Despite years of public shaming by security professionals, some SaaS vendors only offer Single Sign-On (SSO) in high-end "enterprise" product tiers. By withholding this capability from smaller organizations, they put customers' security at risk. Moreover, they base a pricing strategy on a weak signal and miss an opportunity to lower their own security risk.
SaaS pricing strategies strive to account for the value the product offers. The greater the value, the greater the customer's willingness to pay for the product. That's why SaaS products are often licensed based on the number of features, users, devices, or transactions. Such metrics estimate the value and inform the price. These are reasonable and standard practices.
Some SaaS view the need for SSO as a proxy for the customers' derived value and their ability to pay. This is misguided.
SSO--typically powered by the SAML standard--is not a feature that increases the product's value, except for the handful of vendors that sell single sign-on solutions. In all other cases, SaaS customers derive value by using the product's capabilities to get work done better, easier, or faster. The product support for SSO is not such a capability.
Nowadays, SSO--along with the companion user provisioning SCIM protocol--is a baseline requirement even for smaller organizations. They need SSO to integrate the product into their IT and security practices. The need for this functionality signals neither budget availability, nor the value derived from the product. It's a poor basis for market segmentation and pricing strategies.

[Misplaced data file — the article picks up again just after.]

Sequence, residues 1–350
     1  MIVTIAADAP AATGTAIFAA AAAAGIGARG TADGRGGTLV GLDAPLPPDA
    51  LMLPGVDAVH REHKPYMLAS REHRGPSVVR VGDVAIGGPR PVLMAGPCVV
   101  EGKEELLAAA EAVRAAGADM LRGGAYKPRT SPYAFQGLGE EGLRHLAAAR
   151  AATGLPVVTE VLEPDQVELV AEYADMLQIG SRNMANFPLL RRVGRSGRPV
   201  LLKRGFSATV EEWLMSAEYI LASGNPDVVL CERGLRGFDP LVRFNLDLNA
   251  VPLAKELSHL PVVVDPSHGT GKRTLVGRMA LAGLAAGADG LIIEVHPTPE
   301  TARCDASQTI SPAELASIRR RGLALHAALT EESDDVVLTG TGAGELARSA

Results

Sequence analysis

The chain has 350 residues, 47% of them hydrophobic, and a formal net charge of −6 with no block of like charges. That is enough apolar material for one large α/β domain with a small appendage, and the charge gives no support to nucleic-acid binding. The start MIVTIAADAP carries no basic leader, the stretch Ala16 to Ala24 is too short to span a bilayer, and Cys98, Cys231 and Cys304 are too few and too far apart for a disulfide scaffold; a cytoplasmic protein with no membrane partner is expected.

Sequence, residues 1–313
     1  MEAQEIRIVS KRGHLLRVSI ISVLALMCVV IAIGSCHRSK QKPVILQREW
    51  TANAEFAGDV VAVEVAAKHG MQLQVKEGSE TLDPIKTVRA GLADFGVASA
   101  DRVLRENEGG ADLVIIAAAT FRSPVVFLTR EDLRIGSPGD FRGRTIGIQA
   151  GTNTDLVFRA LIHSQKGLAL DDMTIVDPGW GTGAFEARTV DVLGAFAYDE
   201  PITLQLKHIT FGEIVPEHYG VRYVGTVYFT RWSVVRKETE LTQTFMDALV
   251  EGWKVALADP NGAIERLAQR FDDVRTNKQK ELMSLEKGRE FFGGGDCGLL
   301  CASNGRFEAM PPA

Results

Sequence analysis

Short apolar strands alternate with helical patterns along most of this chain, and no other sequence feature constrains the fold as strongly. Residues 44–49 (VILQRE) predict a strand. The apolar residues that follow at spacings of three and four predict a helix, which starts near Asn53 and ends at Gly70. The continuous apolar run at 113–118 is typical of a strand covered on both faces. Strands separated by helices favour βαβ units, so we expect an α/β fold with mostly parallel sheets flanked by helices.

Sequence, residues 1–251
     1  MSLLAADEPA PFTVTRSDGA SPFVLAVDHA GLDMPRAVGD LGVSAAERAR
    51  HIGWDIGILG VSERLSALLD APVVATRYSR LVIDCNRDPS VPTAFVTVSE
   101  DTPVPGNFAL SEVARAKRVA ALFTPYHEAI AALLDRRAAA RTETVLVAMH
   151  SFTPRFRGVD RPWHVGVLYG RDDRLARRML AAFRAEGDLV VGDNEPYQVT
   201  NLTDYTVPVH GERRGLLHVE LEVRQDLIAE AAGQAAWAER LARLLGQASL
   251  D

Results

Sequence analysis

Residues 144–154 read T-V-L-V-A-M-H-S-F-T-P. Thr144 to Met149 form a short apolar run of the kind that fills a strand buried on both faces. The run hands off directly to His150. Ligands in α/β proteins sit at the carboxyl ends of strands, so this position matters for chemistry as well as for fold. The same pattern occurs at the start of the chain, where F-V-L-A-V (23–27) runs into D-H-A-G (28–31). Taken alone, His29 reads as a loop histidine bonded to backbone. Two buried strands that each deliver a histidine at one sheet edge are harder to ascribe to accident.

Too many SaaS vendors enable SSO only for customers who purchase the vendor's highest tier "enterprise" bundle. Smaller organizations that don't need the features of that bundle cannot justify paying for it. As a result, they miss out on SSO and are burdened with higher risk.
Without SSO, a person who needs to use the product has to follow manual steps to set up an account with the proper license, level of access, and account password settings. The organization:
By withholding SSO support, the SaaS vendor increases their own risk, too. When the customer doesn't have SSO, the vendor has to rely on the quality of its own code for user authentication. And it has to maintain the customer's user details and access tokens. This broadens the provider's attack surface. In contrast, if the customer uses their own identity provider through SSO integration, the SaaS vendor's responsibility for these security-sensitive areas is significantly diminished.
By making SSO available to all their customers, SaaS providers business benefits that include:
SSO is no longer useful for market segmentation. Making it available exclusively in an "enterprise" bundle offers no benefit to the SaaS vendor and increases the vendor's security risk. This practice is also a disservice to non-enterprise customers because it prevents them from integrating the product with their security and IT practices. Withholding SSO is bad for business and security of both parties.
Updated May 25, 2023
I transform ideas into successful outcomes, building on my 25 years of experience in cybersecurity. As the CISO at Axonius, I lead the security program to earn customers' trust. I'm also a Faculty Fellow at SANS Institute, where I author and deliver training for incident responders. My expertise, which spans cybersecurity, IT, and leadership, allows me to create practical solutions that drive business growth.